Anyhow, one of the other key features of buying the HSS blanks from Harbor Freight, is that I can grind and sharpen them whenever necessary. In the case of a tungsten carbide 60 degree threading point, when they get dull they are a pain to sharpen, and if you chip the carbide, well the ball game is over, or at least until you have another one shipped. For left or right turning, or for facing or parting, grinding your own HSS bits is no big deal, requiring only a little knowledge, practice, and a steady hand, but a 60 degree point is pretty darn precise. I don't believe that I want to attempt grinding this point in free hand style, so instead I have been designing a jig to bolt up to the grinder, so that I may create this point or sharpen a point rather quickly.

    I will be making this jig from a couple short pieces of 1/4" key stock, several screws, a 1/4" X 2" aluminum plate, and a custom made bracket, for attaching it to the grinder. Basically a 1/4" HSS blank will be pushed along one section of key stock into the grinding wheel to create one angle and then it will be moved to the opposing key stock to finish creating the 60 degree angle. I have attached a rough sketch just to give you the concept.

    And since I am talking about the subject of lathe tooling and Harbor Freights HSS package, I suppose I should also mention another product from Harbor Freight, which I have found to be indispensable for sharpening both tungsten carbide and HSS tooling, and that product would be their 4 sided diamond hone block for $12.99 ( This is a great tool for any workshop. In addition to sharpening lathe bits, I also use this hone to sharpen exacto blades, razor blades, utility knife blades, etc... I would recommend this hone for any serious tinkerer.

    Anyhow, that is enough rambling for now :)
  • OOOPSS... I forgot the sketch in my last post, so here is a rough draft of my 60 degree point grinding jig :)

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  • I ended up redesigning the grinding jig a little and here is a couple pics of the outcome. I could not get a very good pic of the 60 degree angle ground into the HSS, but it came out beautifully.
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    Ever since my mother had her stroke, approximately 1-1/2 years ago, my life and my product development has been is disarray. In addition to working around my mother's needs, I have also had to work around weather conditions and the required household repairs. With winter creeping around the backdoor, I have decided to devote my free time into proceeding with this project once again.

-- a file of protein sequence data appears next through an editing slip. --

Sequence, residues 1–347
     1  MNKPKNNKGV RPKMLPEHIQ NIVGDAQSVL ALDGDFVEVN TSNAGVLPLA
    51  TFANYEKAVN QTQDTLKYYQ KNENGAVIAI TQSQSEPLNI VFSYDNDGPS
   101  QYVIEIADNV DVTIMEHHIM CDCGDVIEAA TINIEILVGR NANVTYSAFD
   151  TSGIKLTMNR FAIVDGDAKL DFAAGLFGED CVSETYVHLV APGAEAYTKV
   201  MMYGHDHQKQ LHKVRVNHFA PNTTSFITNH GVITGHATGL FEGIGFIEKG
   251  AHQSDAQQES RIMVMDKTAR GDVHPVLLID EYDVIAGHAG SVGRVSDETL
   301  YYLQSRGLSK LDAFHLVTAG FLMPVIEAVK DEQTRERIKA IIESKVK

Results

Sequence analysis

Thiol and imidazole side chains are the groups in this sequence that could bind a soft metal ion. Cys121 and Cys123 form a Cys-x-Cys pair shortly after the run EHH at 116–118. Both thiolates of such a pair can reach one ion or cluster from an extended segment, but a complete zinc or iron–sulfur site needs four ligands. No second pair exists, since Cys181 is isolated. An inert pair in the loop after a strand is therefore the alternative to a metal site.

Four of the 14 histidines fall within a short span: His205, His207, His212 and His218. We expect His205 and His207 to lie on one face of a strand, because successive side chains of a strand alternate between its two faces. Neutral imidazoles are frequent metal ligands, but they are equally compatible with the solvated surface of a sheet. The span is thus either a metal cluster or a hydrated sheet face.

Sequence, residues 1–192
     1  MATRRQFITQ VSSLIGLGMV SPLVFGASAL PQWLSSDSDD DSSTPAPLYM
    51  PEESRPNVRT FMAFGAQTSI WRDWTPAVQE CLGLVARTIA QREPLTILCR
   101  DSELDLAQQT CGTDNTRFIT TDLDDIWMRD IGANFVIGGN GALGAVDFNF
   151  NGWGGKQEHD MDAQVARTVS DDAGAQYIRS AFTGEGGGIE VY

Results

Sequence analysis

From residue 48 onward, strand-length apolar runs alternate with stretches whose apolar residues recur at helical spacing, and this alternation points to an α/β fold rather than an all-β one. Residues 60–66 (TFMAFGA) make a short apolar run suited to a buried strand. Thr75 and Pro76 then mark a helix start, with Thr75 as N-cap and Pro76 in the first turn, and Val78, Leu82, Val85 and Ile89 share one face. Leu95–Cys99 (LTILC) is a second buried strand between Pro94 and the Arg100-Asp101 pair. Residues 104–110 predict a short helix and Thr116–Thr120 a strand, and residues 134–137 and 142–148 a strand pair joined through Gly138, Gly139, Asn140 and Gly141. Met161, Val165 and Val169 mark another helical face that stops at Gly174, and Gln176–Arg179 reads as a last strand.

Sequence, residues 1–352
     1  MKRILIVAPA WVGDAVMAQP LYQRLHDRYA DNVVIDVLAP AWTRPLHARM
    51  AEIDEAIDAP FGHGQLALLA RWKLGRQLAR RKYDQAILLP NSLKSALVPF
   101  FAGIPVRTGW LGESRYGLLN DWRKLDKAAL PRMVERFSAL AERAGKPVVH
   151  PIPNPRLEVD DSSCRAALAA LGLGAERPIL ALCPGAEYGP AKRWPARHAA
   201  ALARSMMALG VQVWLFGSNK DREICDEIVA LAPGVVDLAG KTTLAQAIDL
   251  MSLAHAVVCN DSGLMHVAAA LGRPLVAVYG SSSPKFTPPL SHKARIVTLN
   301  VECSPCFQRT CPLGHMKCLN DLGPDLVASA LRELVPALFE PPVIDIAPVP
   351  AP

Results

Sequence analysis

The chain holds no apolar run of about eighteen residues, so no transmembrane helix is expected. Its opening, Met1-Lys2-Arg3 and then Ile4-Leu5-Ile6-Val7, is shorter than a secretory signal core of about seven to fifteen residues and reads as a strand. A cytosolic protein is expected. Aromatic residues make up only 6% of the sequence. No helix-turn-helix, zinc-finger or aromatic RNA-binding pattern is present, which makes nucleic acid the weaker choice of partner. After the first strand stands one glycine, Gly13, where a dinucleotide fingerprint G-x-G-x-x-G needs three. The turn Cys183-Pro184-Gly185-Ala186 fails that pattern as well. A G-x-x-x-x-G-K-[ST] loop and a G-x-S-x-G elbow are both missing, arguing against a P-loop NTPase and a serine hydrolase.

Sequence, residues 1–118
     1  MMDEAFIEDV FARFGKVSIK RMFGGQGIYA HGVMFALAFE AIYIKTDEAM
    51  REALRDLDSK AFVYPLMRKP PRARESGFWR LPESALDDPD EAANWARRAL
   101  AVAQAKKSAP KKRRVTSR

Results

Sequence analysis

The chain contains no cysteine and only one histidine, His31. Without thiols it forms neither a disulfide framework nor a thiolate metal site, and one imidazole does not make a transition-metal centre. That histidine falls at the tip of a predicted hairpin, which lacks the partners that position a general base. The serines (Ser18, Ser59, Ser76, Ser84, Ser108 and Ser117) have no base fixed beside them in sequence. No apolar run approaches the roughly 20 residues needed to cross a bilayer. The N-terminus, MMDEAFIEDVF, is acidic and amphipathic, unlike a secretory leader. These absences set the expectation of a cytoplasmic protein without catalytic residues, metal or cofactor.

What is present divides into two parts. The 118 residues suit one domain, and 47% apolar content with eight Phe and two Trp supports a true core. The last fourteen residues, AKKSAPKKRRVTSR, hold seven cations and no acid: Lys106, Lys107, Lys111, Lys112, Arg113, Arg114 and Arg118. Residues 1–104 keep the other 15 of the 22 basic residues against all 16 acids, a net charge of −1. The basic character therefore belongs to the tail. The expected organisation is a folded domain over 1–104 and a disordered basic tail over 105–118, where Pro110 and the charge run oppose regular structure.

Over the last couple of weeks, I have been reacquainting myself with the completed electronics, contemplating the additional electronics that will be required, and completing the mechanical design, as well as determining the parts that still need to be acquired.

    After completing an inventory of the required metal that I have on hand, I will be placing orders for all the missing components.

    As far as this project goes, a lot of the heavy lifting has already been done. The most complicated portion of the mechanical assembly has been made, most of the electronics and circuitry has already been soldered together, and much of the programming has a good outline.

    Since reacquainting myself with this project, I now believe that most of my effort will be dedicated to building the mechanical assembly. There will be several pieces of metal to be cut and fabricated, which will require the drilling of many accurate holes.

    Anyhow, this is the latest from the Brucey :)

    I will be starting again very shortly.

    With the exception of finishing up the work bed and adding a cable chain for the X axe laser head movement, the structure of the machine is done. Upon finishing up the previously mentioned items, I will completely disassemble everything and rebuild it, meanwhile squaring, truing, and calibrating the assembly as I rebuild.

    A few photos and perhaps a video will be coming soon!!! However, before looking at any photos or video of this machine, I advise any would be viewers to prepare themselves. For a small, homemade machine, it is looking very nice, and I would imagine, most of you will be wishing that you had it to experiment with :)

    Just a little hype :)
  • come on then... let's see it ;-)
  • _red_

    The cable chain is scheduled for delivery later today and I am now just taking a break from endeavors on the work bed. I promise that it will not be long.

    Just be sure to have something available to clean up the drool :)

    I am really looking forward to experimenting with this new machine, but first I will have to get some safety glasses :)

    As mentioned, it is a small machine.

    Not including anything else, such as user interface, power supply, controller boards, cable chain etc..., the main machine structure will be:

    5 1/8 inches in height. (Before any modifications to the laser unit)
    10 1/2 inches in width.
    13 3/8 inches in length.

    The machine was designed to accommodate a work envelope of 4 1/2 X 4 1/2, but due to work bed perimeter width discrepancies, the actual work envelope will be 4.51 X 4.51